Life Update: I GOT ENGAGED! Ya girl said yes and now it’s onto wedding planning! Maybe you’re also engaged and now you’re questioning what happens next. If so, congratulations!! Getting engaged is an exciting milestone in your life. It’s the beginning of a new journey with your partner and a time to celebrate your love. However, it can also be overwhelming with all the planning and decision-making involved. Here are some tips on what to do after you get engaged (and what not to do):
- What to Do After Getting Engaged
- 1. Take some time to celebrate!
- 2. Have an initial conversation with your partner about expectations for how you both want to get married.
- 3. Create a tentative draft of your guest list.
- 4. Set an *initial* budget
- 5. Decide on the three things that are most important to you for your wedding.
- 6. Make a Pinterest board or a mood board for your wedding!
- 7. Decide whether or not you want to hire a wedding planner.
- 8. Create a wedding email.
- 9. Get premarital counseling.
- What Not to Do After Getting Engaged
What to Do After Getting Engaged
1. Take some time to celebrate!
You’re engaged! Congratulations! This is a very exciting time in your life. It’s also VERY busy. Take a few days, or even a week or two to relax with your love and soak in that newly-engaged feeling. Don’t forget to share the happy news with your loved ones! If you’re planning on having an engagement party, now is the perfect time to have one.
2. Have an initial conversation with your partner about expectations for how you both want to get married.
Are you eloping? Having a courthouse wedding? Hosting a small, intimate gathering with friends or a big bash with everyone you know and love? Destination wedding? These questions determine the scope of what you’re planning and make a huge difference when deciding on your budget.
My fiance and I made this into a date. We went out for boba and then had a heart to heart about our wedding expectations. I definitely think that this helped us a lot. We quickly realized that while we are on the same page for many topics, we have some very different ideas about getting married. For example, my fiance and I come from two very different cultural backgrounds (Chinese and American) and this has influenced the way both of us view weddings.
Here are some good questions to think about:
- What expectations do you have for your wedding?
- What expectations does your partner have for your wedding?
- What expectations do your parents and your partner’s parents have for your wedding?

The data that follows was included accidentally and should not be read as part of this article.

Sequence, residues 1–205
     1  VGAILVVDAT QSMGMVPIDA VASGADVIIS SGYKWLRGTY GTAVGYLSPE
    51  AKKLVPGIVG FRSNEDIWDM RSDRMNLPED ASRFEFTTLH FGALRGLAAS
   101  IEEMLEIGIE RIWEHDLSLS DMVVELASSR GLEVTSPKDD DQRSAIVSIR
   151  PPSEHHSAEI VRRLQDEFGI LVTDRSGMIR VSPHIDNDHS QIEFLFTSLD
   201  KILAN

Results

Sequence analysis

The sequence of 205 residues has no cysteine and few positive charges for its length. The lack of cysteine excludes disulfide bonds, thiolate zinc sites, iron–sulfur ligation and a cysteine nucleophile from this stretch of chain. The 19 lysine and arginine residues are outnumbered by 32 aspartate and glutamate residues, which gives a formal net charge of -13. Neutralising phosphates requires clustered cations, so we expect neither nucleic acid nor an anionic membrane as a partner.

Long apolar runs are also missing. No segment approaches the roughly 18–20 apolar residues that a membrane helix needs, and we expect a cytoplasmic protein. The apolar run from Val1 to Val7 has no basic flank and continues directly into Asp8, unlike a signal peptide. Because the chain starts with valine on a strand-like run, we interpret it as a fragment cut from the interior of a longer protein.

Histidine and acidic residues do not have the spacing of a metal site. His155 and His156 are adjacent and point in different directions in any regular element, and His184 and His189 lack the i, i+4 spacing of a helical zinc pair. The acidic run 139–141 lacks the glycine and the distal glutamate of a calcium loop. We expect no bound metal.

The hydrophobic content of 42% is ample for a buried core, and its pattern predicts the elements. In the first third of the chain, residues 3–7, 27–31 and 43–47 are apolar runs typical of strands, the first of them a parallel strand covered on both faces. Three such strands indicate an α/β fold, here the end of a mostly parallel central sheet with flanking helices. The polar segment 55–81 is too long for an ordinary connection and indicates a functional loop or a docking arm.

- Note: I’m not saying you need to adhere to all or even any of them, but it’s good to at least know if you’re going against those expectations.
- Who do you want with you when you get married?
Again, this is a high level overview to make sure you’re on the same page. If you’re envisioning a small affair with less than 50 people, but your partner is looking to host a large party to celebrate with 300 people, you’re going to have a difficult time planning your event until you settle on something you’re both happy with.
3. Create a tentative draft of your guest list.
Now you may be asking, “shouldn’t we talk about budget first?” No. Your guest list determines so much of your wedding. I’m talking about potential venues, costs, location, etc.
During this step, you should also make sure that you’re writing this list out. Sometimes you may think that this group of friends is only ten people, but have you considered their spouses or dates? What about family? Parent’s friends?
You don’t need to know exactly who you’re going to invite, or who is getting a plus one. You don’t need to determine your tiers of guests (also known as guest list A, B, C, etc.). That can, and will be done later. This list just opens you up to possibilities and can be added to or slashed later on.
4. Set an *initial* budget
When thinking of what to do after you get engaged, this may be one item you’re tempted to skip over. However, this is one of the key items to do after you get engaged. Weddings, large or small, can be expensive. That’s why making a budget (and sticking to it) is so important. It’s so easy to get caught up in the moment or in your Pinterest dream board, that you can find yourself quickly over-budget if you’re not careful. Remember your three most important things!
Also, please note how above I said *initial* budget. Personally, I think this works best when you make your ideal budget first (this step). You can use this for when you’re looking for venues or getting quotes and filtering through possible vendors. However, I know I was surprised by some costs when I did my research. That’s why I think it’s good to go back and redo your budget later (if necessary), after you’ve received estimates from certain vendors. I’ll do a separate post on this later!
Here are some good questions to discuss:
- Who will be contributing to the wedding? Will you and your partner be paying for the entire thing?
- Note: If someone else is going to be contributing, that’s great! However, sometimes these contributions come with strings. Be prepared to discuss these with your partner. Common examples include parents wanting to add people to the guest list, stating what they want the money to be spent on, etc.
- What can you afford to spend on a wedding?
- Do you have any large expenditures coming up? If so, how do you plan on saving for both?
- How many people do you want to invite?
5. Decide on the three things that are most important to you for your wedding.
I cannot stress this enough. Decide on the three things that are most important to you for your wedding. This can range from your ceremony, entertainment, wardrobe, food, open bar, flowers, venue, stationary, etc. But soon you’ll be creating a budget and this list can help you decide where you want to allocate your money. Plus, eventually you’ll have to make some decisions about things to cut or cut back on unless you have unlimited resources and this list will remind you of its relative importance.